Monday, 7 January 2008

"But I promise this: I won't go my whole life telling you I don't need"

In a community like a high school, every little event seems to be magnified ten times. I don't know if it's that we're teenagers, or if it's because we spend so much time together, but everything, no matter how big or small, seems to affect the entire class.

Last week, a student at my school named Ben Marsters died. He'd been battling a disease for many years -- the same disease his father had died of a few years ago. I think I was a lung disease, but I'm not sure. I have no idea because to everyone, he seemed a normal, healthy teenager. He went skiing all day a couple days of before he died. But "seem" is often not "is".

I was never very close with Ben. In fact, I'd hardly even spoken to him in our three years together at Lisgar. So when I looked on facebook last Saturday and saw three invitations to a group called "RIP Ben" I was confused. I thought Ben might be a friend's dog, or a television show character. Even when I saw the words "Lisgar student", "passed on" and "funeral", I couldn't seem to comprehend what was going on. I thought it was a joke. A huge, stupid joke.

I had forgotten the moment in bio class last year, when we did a lung volume lab. It was one of those labs meant to interest the bored students and "get you involved in learning!" or something like that. Each student got a turn to measure their lung capacity by blowing air throung a tube into a huge beaker full of water overtuned in a bigger tub of water. At the beginning of the class, Ms Middleton told the class that no one had ever emptied the beaker, so of course, all the teenage boys wanted to. The one who came the closest was Ben, who almost emptied the thing. We cheered and laughed and patted him on the back as someone joked "Of course the guy with the lung disease almost empties it!" The irony was funny then; now it's just sad, a bitter reminder of how unfair it is that such a happy, vibrant guy like Ben would be taken away, just like that.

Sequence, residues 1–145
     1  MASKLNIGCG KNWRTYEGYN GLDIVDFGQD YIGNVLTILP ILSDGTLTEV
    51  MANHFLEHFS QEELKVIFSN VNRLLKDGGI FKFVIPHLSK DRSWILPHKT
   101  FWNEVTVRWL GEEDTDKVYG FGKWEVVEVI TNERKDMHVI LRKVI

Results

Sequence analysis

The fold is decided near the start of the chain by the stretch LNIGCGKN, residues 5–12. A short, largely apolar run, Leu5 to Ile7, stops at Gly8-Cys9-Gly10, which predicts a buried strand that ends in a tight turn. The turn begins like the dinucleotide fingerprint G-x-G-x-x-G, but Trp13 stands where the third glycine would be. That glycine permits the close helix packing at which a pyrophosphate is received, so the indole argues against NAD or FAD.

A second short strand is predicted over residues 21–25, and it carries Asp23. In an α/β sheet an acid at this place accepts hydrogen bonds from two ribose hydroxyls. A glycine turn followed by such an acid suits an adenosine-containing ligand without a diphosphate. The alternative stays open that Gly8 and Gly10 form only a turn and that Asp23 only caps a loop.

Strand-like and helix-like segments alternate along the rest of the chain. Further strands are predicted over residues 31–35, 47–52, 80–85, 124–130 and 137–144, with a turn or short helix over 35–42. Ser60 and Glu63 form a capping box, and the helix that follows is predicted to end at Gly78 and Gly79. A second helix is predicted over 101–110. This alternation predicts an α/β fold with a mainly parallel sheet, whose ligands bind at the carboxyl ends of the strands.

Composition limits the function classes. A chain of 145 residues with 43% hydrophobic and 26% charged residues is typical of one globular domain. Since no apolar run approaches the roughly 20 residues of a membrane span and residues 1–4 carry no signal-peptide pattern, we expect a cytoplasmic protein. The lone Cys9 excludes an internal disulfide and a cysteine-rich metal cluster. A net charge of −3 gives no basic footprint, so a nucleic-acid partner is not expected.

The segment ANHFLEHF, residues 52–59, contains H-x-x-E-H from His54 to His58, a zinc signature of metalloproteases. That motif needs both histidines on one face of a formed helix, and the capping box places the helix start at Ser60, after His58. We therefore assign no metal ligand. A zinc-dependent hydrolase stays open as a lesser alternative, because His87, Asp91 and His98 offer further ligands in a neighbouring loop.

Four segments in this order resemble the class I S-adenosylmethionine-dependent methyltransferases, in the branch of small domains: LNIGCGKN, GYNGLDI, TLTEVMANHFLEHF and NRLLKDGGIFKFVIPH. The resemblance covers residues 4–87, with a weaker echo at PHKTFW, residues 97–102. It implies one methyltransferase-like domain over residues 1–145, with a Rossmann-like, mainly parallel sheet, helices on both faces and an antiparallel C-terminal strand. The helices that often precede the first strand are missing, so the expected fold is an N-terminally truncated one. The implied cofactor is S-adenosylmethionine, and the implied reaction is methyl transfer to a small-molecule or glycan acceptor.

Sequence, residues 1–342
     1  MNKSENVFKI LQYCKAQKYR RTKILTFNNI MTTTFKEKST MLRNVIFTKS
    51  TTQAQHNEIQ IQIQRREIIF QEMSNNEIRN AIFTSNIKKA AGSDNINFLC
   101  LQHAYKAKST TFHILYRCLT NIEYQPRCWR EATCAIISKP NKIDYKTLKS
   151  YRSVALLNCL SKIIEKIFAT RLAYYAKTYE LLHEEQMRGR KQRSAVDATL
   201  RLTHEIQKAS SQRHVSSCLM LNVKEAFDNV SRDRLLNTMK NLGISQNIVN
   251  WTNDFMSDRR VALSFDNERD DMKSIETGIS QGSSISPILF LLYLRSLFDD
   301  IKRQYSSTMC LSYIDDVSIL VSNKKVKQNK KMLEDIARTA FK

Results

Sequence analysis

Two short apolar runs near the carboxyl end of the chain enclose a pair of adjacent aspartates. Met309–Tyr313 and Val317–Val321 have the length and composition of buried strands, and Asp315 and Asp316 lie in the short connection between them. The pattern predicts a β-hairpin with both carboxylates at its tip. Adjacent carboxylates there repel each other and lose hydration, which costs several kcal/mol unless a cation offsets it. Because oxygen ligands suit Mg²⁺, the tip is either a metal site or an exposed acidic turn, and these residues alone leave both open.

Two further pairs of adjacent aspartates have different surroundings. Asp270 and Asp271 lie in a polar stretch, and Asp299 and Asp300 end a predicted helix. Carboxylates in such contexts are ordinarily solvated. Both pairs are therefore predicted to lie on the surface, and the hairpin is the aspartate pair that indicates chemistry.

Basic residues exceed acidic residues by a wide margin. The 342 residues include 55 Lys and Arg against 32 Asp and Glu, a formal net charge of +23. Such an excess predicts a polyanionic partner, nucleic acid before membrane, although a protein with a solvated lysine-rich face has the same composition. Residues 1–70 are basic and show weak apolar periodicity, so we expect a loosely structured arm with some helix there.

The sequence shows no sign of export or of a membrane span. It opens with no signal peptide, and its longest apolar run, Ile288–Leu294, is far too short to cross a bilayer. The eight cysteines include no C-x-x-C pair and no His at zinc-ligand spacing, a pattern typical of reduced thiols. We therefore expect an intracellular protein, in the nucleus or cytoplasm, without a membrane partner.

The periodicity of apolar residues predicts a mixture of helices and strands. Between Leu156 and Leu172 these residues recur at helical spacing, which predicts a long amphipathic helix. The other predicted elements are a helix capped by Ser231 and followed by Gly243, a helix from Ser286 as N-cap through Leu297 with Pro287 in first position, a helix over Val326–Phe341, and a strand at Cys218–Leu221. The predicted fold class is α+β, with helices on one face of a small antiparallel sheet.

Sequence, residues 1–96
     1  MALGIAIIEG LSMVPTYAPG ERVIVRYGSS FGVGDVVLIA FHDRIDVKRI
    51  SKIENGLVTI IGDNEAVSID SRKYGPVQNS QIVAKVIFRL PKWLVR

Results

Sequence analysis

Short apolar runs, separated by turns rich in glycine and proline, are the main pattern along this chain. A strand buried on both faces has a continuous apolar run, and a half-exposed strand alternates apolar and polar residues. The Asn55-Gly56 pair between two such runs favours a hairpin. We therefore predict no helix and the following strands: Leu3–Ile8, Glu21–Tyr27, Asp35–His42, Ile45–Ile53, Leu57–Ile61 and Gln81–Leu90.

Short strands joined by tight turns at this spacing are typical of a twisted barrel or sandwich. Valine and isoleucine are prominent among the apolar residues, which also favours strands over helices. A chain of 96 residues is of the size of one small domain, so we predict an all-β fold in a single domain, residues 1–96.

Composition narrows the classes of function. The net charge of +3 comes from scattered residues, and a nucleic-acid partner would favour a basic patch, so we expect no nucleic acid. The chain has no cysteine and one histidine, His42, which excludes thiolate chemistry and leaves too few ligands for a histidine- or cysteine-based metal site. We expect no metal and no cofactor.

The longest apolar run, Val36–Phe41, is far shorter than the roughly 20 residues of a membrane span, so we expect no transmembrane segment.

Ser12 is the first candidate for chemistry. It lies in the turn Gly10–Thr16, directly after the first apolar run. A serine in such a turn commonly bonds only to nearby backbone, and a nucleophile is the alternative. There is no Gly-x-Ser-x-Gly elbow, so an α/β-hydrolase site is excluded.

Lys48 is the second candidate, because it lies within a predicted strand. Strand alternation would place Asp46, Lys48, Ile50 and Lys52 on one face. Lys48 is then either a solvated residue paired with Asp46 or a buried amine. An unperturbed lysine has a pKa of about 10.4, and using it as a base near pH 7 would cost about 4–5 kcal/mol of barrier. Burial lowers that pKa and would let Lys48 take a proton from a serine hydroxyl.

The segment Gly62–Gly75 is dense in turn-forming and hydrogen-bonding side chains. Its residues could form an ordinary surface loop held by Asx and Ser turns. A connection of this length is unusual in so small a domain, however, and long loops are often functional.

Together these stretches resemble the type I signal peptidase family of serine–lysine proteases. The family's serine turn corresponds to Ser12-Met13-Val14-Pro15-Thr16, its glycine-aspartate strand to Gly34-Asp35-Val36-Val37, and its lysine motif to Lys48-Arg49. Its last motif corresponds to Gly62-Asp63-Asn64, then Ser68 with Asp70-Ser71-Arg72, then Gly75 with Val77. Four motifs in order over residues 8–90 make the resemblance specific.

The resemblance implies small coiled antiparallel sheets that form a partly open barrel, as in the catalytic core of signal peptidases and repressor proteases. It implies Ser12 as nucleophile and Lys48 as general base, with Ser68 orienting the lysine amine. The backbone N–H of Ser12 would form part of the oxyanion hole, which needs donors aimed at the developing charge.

Ben was in my french class this year. He sat at the back of the class with the other guys who weren't really sure they wanted to be taking Mme Kunstmann's intense french class. I didn't talk to him much -- he was a quiet constant, always there at the back of the class, a genuinely nice guy that everyone liked. Mme Kunstmann used to rag on him about missing class for soccer, along with some other boys in the class, one in particular was Ben's best friend. On my way to french today, I saw him walking with a friend of his, and I stopped him to talk for a minute. "You going to french?" I asked him gently. He and I have never gotten along. Our relationship has come to name-calling (by him), but today, we both knew it didn't matter. He replied, "No, not today. Don't tell her or anything. But she saw me anyway, I guess it doesn't matter."

"You don't have to come today," I said, and paused, "hang in there."

In the grade twelve classes, it was kind of like a bomb had gone off, but only our year had noticed. All the other grades continued on with their days, while senior students stopped in the halls, eyes watering, to hug fellow classmates. "Drive-by hug!" we'd joke, and sniffle. Even for students who hadn't known Ben very well, things changed. Most of us had found out before the first period assembly, but it was then that it really hit home. I sat in the main hall after the assembly with Davis, slightly shaken. "I didn't know him," she said to me, "but what if I had? What if someone I was close with died?"

All day, it kept coming up. Discussions would start out about summative stress and finish with "Why does it even matter? Why are we doing summatives instead of living our lives when we could die tomorrow and it would have been a waste?"

When someone as young as Ben was dies suddenly, as he did, there is always a huge amount of shock. As teenagers, we tend to think we're invincible, on the way up, getting ready for the rest of our lives, but if Ben has had any impact on me, it's been to teach me that there is no such thing as the rest of our life. It's now. This day could be all you get. Life altogether too painfully short.

Ben funeral is tomorrow afternoon, and even though French is canceled, I don't think I'll go. To me, it feels inappropriate since I barely even spoke with Ben, but I did sign my message on the card for his parents. And I wrote this bit, just to show that he did have an effect on me.


Ollie said...

I was in Middleton's bio class with Ben and I remember that day when we had the lung capacity activity. He was an amazing person.

Thank you for writing this. It means a lot to those in Grade 12 at Lisgar. Although it will be very hard to forget a day like today, we need something to remind us how much of an impact Ben's life and death had on us.

La Canadienne said...

Ollie, I don't know who you are (though I'm trying to remember everyone in my gr 11 bio class), but I'm glad my words were a comfort to you. I enjoyed sharing that moment with you, of remembering that lab.

It's funny, I'm sitting here trying to work, and I can't stop remembering his last presentation he made to my class, and the sound of his voice. It's incredibly sad and frightening. I hope you're doing ok.

TOJ said...

tegan and sara's relief next to me =)